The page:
Writer and artists: Marvano (also known as Mark van Oppen)
Colour work: Claude Legris
Translator: Jerome Saincantin
Letters and Layouts: Imadjinn
What's it about?
The story is set across two years: 1993 and 1943. In 1943 seven men form the crew of the Lancaster S-Snowwhite. It is called Snowwhite because it is black, like Snow White's hair, and has a crew of seven. Their job is to bomb Germany. In 1993 two women exchange a 50 year old letter. The book focuses on the lives of the seven men aboard the plane - the realities of bombing raids, the threats from enemy fighters and the relationships formed on the ground.
What's good about it?
Oh, this is difficult to explain. It is a superb book. It's incredibly moving and left me feeling emotionally drained each time I read it. I have always found World War II stories upsetting: when, as a teenager, I visited the huge graveyards in Northern France I got quite hysterical - seeing all those graves of such young men was hugely upsetting for me.
The main bulk of the tale, that of Aubie's life as a pilot, is frenetic. Death is mentioned on every page. The crew laugh and joke, and they have good days - but always, always, the spectre of their death, the threat of German bombers, and the knowledge of what their bombs will do, looms over them.
This is an amazingly powerful book.
Nothing worth noting.
What's the art like?
Ahh! Looking at this art reminds me of why I like reviewing comics. On the first read I absorb the pages and process the story. On my second read I pay more attention and focus on how the comic is put together, and the reading experience becomes richer for it.
Take the first page. We open on the cast flatness of Lincolnshire. That part of England that is utterly flat and goes on and on, monotonously for miles, with next to nothing to break it up. The panels on this page capture the isolation, the loneliness I always feel in that landscape. It's so empty. The characters on the page are drawn small, emphasising their insignificance and the smallness of people in this windswept landscape.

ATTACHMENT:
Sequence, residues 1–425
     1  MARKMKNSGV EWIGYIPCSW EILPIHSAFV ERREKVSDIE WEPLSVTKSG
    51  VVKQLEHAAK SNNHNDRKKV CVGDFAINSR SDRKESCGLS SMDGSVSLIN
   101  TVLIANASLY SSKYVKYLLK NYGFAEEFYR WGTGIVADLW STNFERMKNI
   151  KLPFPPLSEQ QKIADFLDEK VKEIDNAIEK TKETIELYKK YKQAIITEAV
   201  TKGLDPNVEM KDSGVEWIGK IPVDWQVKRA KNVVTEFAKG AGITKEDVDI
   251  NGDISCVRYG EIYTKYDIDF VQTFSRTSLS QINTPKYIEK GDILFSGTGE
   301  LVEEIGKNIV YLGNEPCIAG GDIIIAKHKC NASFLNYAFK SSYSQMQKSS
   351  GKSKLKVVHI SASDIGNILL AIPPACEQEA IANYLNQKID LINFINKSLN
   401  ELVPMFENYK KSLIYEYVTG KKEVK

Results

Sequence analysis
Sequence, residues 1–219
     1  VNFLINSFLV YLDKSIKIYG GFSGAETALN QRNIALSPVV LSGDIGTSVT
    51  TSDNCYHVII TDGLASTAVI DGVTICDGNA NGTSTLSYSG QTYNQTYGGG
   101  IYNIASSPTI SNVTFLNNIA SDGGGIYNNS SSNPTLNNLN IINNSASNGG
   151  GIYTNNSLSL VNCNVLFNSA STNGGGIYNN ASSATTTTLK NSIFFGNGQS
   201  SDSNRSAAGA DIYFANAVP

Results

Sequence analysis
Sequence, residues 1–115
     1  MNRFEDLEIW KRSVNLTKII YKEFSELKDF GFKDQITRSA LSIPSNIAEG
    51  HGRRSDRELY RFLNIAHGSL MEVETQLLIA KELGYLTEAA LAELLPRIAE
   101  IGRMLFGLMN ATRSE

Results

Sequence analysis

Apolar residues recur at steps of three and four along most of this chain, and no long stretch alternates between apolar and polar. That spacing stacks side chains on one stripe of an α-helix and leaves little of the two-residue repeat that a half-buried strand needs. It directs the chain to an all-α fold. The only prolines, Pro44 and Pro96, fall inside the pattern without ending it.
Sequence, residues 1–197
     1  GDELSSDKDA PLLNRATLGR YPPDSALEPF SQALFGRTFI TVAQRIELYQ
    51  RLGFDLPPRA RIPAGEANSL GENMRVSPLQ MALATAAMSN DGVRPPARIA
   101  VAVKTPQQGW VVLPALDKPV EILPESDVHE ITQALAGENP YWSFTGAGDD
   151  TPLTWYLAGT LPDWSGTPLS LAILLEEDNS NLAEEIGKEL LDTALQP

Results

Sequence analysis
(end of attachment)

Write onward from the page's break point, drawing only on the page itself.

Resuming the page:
After this sense of space the next scene comes a shock. Page three is sixteen boxes depicting the cockpit during a flight. Each panel is a close up - either of the pilot's face, the instruments, a blast of gun fire, or the plane's controls. The narration talks about the roar of the engine, the darkness, the reliance on your navigator. The emotions are fear and panic.
Most of the scenes are similar in palette and feel to the above samples, however every so often there are a couple of panels that jump out. For example this one of the iconography on the plane:
Or this one of the sunset:
The contrast between the beauty of the setting sun and the events in people's lives is remarkable.
Buy Berlin direct from the publisher, Cinebook, here.
If you like historical comics, I can recommend the following.
Joe Sacco's Palestine - the journalist's account of life in occupied Palestine.
Pride of Baghdad - concerning the Iraq invasion and the Baghdad zoo destroyed in the bombing.
X-Men Magneto: Testament - about the Nazi holocaust and life in the death camps. Do not be put off by the X-men title. It is not a superhero book.
Laika - the dog that Russia sent into space.
Incognegro - a fictionalised account of an undercover journalist, passing as white and able to expose American lynchings.
Fiction stories with emphasis on real world histories can be found here, and war stories can be found here.
If you like this book, try out Cinebook's other offerings. We have reviewed several here and you can find more on their website. I haven't read a book of theirs I haven't liked.
Many thanks to Cinebook for providing me with a review copy.